instruction.  This training shall be offered to all city  
police officers and deputy sheriffs as part of continuing  
professional training.  The training shall, at a minimum,  
address relevant laws, recognition of high technology  
crimes and computer evidence collection and preservation.






The bill would require the Office of Criminal Justice  
Planning (OCJP) to conduct a feasibility study regarding  
development of a state-operated computer forensics center  
to provide assistance to state and local law enforcement in  
the investigation of crimes involving computer technology.

The bill would appropriate $230,000 from the General Fund  
to the OCJP for purposes of the performance of this study.

This bill would become operative only if SB 1796 (Leslie)  
is also enacted.

  FISCAL EFFECT  :   Appropriation:  Yes   Fiscal Com.:  Yes    
Local:  Yes

According to Senate Appropriations Committee:

                Fiscal Impact (in thousands)

  Major Provisions     1998-99      1999-00      2000-01     Fund

  Sentencing         Unknown increased costs for  
prisonGeneral
                   incarceration
                   Unknown increased, mandated, Local
                   nonreimbursable costs for county
                   jail and probation
Training course    minor, absorbable - $50 one-time  
costsSpecial*
Study              $230       --         --        General

*Peace Officers' Training Fund  
  
  SUPPORT  :   (Verified  8/19/98)

Attorney General
California District Attorneys Association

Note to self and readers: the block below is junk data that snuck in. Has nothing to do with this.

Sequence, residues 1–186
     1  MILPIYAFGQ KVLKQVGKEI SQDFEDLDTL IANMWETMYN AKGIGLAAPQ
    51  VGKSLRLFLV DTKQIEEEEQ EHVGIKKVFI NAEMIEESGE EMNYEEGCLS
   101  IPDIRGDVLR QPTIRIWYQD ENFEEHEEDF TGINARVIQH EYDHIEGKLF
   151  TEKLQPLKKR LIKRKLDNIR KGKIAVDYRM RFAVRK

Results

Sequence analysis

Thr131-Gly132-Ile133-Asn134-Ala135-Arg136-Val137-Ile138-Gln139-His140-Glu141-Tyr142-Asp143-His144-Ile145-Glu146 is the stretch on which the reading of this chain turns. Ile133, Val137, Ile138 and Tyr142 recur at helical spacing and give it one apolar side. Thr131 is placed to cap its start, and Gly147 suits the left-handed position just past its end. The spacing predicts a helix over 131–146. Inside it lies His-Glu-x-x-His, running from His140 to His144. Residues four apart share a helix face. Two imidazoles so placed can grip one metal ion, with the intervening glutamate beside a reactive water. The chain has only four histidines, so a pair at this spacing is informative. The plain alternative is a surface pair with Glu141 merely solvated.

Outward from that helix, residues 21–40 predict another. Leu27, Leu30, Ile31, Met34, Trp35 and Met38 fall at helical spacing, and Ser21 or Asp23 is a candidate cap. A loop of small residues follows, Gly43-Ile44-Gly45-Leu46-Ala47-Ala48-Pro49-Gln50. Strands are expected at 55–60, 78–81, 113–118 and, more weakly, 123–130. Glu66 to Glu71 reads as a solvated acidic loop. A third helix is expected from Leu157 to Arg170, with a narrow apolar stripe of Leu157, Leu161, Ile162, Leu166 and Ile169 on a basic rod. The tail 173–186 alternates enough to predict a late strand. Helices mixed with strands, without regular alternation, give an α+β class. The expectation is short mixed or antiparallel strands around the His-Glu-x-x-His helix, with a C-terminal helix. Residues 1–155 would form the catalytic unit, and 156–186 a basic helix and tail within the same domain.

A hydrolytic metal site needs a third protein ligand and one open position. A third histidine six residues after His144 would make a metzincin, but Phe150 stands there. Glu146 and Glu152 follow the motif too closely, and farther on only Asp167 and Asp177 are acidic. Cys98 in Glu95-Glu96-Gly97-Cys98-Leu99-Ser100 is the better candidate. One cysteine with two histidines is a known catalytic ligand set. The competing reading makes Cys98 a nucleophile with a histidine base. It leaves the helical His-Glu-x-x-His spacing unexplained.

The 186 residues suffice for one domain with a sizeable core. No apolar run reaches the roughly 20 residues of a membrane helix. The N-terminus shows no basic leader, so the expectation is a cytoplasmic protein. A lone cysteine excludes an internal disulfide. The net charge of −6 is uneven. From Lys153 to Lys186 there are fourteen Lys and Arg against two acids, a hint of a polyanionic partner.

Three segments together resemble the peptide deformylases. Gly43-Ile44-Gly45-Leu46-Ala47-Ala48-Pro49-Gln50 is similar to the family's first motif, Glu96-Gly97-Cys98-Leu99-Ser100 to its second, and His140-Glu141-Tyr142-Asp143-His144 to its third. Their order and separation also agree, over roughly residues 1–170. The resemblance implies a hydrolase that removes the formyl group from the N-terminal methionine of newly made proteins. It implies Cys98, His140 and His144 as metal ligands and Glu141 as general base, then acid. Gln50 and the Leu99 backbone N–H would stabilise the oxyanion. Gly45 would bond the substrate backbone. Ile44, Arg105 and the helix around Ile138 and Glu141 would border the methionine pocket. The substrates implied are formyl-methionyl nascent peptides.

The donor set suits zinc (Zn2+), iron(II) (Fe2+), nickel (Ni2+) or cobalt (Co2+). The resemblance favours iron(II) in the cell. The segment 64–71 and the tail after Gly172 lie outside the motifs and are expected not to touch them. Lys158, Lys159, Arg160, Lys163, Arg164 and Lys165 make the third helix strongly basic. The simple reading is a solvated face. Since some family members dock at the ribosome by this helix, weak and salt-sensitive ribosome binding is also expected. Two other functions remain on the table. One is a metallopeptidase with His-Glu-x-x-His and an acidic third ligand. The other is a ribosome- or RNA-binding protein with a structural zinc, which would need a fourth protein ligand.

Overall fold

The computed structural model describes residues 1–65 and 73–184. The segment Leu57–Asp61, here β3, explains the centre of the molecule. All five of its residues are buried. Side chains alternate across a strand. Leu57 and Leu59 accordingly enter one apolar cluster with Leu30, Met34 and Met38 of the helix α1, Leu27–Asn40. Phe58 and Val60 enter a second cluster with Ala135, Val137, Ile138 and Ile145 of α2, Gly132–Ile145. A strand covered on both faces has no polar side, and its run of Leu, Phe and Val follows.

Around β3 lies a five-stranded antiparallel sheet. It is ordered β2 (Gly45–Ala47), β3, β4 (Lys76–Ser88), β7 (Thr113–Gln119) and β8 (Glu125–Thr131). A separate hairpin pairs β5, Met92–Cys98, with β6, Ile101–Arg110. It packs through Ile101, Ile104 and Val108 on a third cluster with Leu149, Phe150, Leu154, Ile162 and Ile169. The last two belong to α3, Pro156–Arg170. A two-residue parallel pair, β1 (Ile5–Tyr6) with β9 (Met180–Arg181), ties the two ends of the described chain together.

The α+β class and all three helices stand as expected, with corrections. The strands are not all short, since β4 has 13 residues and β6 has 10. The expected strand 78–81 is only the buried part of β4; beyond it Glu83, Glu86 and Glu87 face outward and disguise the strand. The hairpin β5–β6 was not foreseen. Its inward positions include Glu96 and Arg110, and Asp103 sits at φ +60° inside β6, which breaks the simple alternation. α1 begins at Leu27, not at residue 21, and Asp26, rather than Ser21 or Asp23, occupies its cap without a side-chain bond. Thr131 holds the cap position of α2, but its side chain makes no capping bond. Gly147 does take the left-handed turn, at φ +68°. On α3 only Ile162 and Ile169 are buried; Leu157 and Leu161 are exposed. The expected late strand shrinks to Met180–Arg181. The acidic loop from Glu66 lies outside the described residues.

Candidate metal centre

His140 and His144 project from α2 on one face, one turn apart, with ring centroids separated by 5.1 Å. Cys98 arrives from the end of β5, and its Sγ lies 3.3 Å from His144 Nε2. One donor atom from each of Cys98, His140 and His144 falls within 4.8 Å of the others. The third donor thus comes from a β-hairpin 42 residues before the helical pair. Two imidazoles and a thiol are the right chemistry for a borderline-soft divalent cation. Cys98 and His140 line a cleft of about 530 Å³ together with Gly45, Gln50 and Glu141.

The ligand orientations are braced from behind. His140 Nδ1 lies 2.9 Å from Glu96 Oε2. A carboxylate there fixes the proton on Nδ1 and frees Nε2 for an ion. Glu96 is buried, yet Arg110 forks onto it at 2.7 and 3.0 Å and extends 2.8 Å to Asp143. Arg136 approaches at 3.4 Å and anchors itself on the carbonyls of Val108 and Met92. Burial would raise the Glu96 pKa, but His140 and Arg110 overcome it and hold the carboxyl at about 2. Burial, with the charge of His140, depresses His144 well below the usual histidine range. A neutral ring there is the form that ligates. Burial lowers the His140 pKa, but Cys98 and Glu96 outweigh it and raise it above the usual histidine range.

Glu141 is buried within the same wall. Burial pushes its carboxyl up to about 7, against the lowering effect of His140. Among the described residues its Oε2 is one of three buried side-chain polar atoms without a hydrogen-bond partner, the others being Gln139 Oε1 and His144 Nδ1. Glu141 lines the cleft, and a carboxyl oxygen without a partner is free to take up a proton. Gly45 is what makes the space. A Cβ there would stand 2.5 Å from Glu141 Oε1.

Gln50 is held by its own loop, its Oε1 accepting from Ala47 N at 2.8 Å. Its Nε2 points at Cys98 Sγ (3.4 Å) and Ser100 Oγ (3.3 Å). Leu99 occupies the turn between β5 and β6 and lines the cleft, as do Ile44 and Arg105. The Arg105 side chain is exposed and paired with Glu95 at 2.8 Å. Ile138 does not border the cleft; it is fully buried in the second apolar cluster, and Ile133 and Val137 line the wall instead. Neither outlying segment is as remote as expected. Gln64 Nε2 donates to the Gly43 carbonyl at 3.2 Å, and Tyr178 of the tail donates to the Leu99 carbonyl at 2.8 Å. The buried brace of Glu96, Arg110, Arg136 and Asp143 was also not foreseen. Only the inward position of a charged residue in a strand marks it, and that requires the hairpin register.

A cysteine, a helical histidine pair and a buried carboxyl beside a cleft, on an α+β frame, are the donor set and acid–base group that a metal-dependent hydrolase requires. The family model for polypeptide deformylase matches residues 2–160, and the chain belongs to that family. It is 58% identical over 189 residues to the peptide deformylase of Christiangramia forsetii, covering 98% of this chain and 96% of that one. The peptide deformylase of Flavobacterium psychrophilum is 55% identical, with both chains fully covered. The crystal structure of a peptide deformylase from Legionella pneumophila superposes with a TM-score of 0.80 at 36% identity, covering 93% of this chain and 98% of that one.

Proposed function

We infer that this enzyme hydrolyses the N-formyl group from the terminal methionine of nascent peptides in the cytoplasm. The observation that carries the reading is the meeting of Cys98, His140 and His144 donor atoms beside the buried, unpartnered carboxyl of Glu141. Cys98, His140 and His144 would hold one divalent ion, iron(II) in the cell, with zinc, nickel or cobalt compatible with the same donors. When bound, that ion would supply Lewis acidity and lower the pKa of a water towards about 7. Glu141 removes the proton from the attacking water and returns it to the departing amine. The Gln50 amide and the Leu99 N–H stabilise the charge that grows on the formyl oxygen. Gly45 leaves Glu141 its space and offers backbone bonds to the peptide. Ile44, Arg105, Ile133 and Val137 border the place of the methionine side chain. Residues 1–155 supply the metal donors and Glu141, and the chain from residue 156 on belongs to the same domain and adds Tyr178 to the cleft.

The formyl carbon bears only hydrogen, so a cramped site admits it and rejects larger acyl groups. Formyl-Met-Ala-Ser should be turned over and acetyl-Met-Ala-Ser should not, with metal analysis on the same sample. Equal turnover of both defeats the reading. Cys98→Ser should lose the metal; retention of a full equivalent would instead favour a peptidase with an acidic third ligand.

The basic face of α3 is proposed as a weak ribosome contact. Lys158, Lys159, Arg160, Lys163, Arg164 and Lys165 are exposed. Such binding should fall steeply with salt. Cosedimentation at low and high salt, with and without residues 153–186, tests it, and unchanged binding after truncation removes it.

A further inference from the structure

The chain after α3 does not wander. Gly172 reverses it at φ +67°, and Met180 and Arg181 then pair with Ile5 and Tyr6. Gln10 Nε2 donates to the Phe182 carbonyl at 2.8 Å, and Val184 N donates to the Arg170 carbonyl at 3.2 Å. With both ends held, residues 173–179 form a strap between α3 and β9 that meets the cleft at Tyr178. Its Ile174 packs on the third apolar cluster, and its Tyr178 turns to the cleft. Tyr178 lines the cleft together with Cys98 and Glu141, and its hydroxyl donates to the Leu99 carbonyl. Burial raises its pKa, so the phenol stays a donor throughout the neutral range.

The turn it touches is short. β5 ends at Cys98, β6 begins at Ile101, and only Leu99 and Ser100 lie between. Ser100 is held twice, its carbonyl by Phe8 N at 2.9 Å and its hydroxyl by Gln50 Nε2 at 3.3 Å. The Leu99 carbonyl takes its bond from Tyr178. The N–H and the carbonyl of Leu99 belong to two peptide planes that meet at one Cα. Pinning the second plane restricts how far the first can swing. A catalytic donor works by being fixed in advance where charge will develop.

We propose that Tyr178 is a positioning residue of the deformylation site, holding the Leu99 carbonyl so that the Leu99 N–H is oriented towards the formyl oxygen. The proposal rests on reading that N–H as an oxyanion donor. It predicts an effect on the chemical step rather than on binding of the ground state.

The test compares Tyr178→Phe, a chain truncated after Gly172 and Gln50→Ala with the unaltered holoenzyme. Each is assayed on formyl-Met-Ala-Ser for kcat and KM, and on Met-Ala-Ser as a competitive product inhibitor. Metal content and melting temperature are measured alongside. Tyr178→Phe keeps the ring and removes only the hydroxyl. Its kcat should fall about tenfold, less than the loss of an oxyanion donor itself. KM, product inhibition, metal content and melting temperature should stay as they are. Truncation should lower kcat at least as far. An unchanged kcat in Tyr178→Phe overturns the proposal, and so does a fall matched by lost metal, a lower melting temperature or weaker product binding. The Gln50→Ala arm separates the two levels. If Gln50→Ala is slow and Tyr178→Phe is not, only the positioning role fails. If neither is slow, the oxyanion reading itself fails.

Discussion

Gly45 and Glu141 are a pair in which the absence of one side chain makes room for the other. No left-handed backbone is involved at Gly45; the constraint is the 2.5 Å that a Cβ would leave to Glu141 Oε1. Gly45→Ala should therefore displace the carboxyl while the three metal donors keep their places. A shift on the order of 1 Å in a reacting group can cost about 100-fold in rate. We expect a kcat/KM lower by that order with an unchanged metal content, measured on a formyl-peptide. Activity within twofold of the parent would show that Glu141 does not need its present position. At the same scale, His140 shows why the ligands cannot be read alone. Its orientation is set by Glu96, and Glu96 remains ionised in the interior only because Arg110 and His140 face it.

California Peace Officers' Association
California Police Chiefs' Association
Association for Los Angeles Deputy Sheriffs
San Francisco District Attorney
Sonora Police Chief
Doris Tate Crime Victims Bureau
California National Organization for Women
California Alliance Against Domestic Violence
KIDS SAFE
Sacramento Area Stalking Survivors
Cooperative Restraining Order Clinic (San Francisco)
YWCA of San Diego County





American Electronics Association
Semiconductor Equipment and Materials International
L.A. Cellular

  ARGUMENTS IN SUPPORT  :    According to the author, "we live  
in an age increasingly dominated by computers.  AB 2351 is  
a measure to ensure that law enforcement keeps up with  
criminals and their use of new technologies in the  
twenty-first century.

"It is vitally important for law enforcement in the state  
to be adequately trained in high technology crimes if they  
are to investigate these crimes.  This bill requires law  
enforcement training in the area of high technology crimes  
and requests a feasibility study for a state-operated  
center for computer forensics.  If a patrol officer is  
inadequately trained, a high-tech crime may go unrecognized  
or unsolved.  If a computer examination is not conducted  
properly, valuable evidence may be lost and valuable  
property damaged.

"New technologies are greatly affecting the manner in which  
traditional crimes are being carried out.  Stalkers are now  
using computers, faxes, and other means to invade the  
privacy and the rights of their victims.  This measure  
expands the stalking and harassment statutes in the Penal  
Code to ensure that these criminals are not set free simply  
because the Legislature has not kept up with changing  
technology."

  ASSEMBLY FLOOR  :
AYES:  Ackerman, Aguiar, Alby, Alquist, Aroner, Ashburn,  
  Baca, Baldwin, Battin, Bordonaro, Bowen, Bowler, Brown,  
  Bustamante, Cardenas, Cardoza, Cedillo, Cunneen, Davis,  
  Ducheny, Escutia, Figueroa, Firestone, Floyd, Frusetta,  
  Gallegos, Goldsmith, Granlund, Havice, Hertzberg, Honda,  
  House, Kaloogian, Keeley, Knox, Kuehl, Kuykendall, Leach,  
  Lempert, Leonard, Machado, Margett, Martinez, Mazzoni,  
  Migden, Miller, Morrissey, Murray, Olberg, Oller, Ortiz,  
  Pacheco, Papan, Perata, Poochigian, Prenter, Richter,  
  Runner, Scott, Shelley, Strom-Martin, Sweeney, Takasugi,  
  Thompson, Thomson, Torlakson, Vincent, Washington, Wayne,  
  Wildman, Wright, Villaraigosa
NOT VOTING:  Baugh, Brewer, Campbell, McClintock, Morrow,  
  Napolitano, Pringle, Woods

RJG:sl  8/21/98  Senate Floor Analyses
              SUPPORT/OPPOSITION:  SEE ABOVE